But if the percentage of working-age Canadians is still approaching its peak, and only the leading edge of the baby boom generation is approaching retirement age, why is that a concern for monetary policy today? It's because we know that participation in the labour force tends to change over time: Participation is typically low in the early working years, from age 15 to 24, because a large portion of these individuals are still attending school. Participation then increases and stabilizes in the prime working years of 25 to 54, before declining in the late fifties and beyond, as people make the transition out of the labour market and into retirement. So, with the first of the baby boomers now older than 60, and many more of this generation right behind them, we know that the shifting age distribution of the population has begun to have, and will continue to have, a direct impact on the supply of labour in the economy, and thus, on the growth of our economy's potential output.

Of course, we cannot directly measure how much labour Canadians want to supply to the economy. We have to infer this measure by looking at actual participation rates and the hours actually worked each week. But these two variables tend to fluctuate with the ups and downs of the economic cycle. At the Bank, we try to look through these fluctuations to get a sense of the trend of labour input over time.

I mentioned earlier that growth in labour input has been an important factor in overall economic growth in recent decades. Where has this growth come from? Besides the continued increase of the total working-age population, the employment rate of women has risen sharply, more than offsetting a small decline in the rate for men. While these two factors have increased labour input, there has also been a small declining trend in the average number of hours worked per week. All told, as I noted, the Bank has estimated that trend labour input has been growing at an annual rate of 1 1/4 per cent in recent years.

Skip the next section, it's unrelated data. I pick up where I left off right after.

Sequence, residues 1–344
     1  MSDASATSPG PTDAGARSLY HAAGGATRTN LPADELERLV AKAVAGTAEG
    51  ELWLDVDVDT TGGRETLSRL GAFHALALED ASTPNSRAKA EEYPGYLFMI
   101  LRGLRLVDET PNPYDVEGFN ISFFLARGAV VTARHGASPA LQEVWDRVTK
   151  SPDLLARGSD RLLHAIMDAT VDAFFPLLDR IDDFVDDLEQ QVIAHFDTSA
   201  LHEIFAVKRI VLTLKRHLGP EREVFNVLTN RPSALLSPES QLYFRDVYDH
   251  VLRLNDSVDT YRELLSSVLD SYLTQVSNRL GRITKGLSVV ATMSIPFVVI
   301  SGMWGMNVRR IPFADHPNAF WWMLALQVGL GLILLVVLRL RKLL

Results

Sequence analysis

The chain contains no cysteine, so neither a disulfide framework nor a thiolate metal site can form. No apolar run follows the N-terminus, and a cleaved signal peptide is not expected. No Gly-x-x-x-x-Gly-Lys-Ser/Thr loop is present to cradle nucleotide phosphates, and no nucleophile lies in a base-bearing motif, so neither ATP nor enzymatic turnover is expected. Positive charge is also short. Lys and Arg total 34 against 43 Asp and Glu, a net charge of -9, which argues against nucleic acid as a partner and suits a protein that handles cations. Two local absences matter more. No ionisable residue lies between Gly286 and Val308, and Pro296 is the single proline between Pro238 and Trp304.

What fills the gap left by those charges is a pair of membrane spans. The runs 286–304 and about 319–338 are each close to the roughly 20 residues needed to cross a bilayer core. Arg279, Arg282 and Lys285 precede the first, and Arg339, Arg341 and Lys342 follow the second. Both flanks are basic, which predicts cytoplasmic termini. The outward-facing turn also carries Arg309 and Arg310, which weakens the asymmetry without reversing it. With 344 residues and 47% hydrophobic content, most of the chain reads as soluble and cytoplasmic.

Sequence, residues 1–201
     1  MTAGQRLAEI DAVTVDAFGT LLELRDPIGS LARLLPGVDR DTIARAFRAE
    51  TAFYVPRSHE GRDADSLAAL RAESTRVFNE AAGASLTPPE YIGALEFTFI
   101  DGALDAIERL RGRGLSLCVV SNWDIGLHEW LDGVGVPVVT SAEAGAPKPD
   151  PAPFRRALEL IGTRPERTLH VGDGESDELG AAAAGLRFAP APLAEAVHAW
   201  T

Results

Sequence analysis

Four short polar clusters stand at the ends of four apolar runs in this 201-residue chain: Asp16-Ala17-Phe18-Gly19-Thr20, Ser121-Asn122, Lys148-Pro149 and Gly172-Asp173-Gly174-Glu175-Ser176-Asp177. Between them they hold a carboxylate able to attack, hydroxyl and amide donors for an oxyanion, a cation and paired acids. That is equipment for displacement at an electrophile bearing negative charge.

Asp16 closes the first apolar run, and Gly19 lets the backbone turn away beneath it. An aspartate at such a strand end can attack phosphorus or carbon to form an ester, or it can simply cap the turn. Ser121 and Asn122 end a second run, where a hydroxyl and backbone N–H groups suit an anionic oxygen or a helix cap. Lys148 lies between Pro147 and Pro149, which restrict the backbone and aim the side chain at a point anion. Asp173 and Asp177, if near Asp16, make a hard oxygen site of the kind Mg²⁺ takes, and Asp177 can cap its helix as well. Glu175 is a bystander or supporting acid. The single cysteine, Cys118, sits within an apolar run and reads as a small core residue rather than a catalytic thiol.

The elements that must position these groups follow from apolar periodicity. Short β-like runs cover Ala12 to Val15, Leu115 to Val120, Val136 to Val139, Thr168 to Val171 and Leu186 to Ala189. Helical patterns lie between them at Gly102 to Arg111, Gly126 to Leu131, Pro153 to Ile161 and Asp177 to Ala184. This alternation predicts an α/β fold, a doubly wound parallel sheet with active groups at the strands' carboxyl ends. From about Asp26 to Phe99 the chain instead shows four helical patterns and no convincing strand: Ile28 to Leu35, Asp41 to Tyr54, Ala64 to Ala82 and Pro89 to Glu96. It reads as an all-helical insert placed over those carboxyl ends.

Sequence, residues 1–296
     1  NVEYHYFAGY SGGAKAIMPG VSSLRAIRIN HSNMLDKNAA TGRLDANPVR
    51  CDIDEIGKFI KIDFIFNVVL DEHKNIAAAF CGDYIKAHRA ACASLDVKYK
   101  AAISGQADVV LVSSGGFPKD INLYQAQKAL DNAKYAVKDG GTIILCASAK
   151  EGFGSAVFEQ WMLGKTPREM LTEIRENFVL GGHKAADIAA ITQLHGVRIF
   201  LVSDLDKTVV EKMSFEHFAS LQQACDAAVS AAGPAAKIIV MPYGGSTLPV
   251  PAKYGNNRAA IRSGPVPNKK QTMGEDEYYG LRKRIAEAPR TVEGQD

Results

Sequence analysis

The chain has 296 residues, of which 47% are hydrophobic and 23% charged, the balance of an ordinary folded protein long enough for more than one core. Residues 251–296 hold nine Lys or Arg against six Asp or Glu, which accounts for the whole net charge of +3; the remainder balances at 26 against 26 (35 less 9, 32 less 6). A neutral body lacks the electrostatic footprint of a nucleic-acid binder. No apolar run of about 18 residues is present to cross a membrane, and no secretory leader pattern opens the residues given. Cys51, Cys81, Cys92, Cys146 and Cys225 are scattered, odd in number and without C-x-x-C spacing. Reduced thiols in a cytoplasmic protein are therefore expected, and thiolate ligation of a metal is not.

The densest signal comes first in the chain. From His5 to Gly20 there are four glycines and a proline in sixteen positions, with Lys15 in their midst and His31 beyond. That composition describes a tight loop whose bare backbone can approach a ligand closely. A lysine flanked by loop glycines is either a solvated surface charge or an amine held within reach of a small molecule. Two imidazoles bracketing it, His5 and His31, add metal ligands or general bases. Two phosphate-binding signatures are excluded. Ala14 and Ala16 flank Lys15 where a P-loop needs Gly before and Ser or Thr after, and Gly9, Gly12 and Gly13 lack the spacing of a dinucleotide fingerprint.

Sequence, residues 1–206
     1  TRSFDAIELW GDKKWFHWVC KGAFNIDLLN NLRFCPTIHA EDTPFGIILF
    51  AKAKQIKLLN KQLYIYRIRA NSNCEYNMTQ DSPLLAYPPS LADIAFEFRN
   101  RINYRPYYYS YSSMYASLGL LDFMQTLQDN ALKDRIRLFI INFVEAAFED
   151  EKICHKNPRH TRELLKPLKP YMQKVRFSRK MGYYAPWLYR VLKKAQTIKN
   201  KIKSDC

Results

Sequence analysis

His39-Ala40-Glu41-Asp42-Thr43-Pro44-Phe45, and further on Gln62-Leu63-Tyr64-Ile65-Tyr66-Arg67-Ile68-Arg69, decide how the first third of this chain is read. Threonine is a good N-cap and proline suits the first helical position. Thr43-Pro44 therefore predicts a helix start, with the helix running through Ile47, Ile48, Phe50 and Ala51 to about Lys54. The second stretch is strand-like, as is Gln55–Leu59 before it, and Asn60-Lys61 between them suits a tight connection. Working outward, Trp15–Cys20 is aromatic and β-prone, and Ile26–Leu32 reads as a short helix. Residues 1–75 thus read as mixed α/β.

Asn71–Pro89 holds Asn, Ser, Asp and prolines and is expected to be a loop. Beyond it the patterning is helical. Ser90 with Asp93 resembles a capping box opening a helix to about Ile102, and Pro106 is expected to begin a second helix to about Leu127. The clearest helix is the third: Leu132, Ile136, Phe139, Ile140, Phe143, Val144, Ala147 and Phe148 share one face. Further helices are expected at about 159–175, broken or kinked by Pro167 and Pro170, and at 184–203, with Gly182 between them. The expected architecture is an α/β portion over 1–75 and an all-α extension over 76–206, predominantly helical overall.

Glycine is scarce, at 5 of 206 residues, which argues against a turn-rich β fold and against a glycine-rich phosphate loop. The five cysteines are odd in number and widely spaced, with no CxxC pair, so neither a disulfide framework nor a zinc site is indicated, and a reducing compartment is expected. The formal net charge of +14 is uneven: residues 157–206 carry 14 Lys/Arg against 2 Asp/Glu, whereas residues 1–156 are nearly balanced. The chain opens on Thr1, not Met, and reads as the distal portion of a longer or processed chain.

But because of the labour force's changing age profile, which I just mentioned, we can expect that the growth of trend labour input will start to drop significantly below this current estimate. Indeed, demographic and economic models suggest that annual growth of trend labour input will fall to about 1 per cent in 2010, and that it will continue to fall to about 0.6 per cent in 2015.

Of course, there is always an element of uncertainty involved in forecasting anything, particularly people's behaviour. Several factors could serve to slow the projected decline in the growth of trend labour input. Chief among these is the possibility that the participation rate of older workers might increase. Why might this occur? The reasons include the fact that the nature of work is changing: it's becoming less physical and more service-oriented. And people are remaining healthier later in life. As life expectancy increases, people may want to remain in the workforce longer. In addition, strong demand for labour in the economy might make it more attractive for older workers to remain in the labour force. These are all uncertainties. But what we can be certain about is that, over the next few years, as the baby boom generation reaches – and passes – the previous traditional retirement age, the proportion of older workers who choose to remain in the labour force will have a significant impact on the growth of trend labour input in the economy.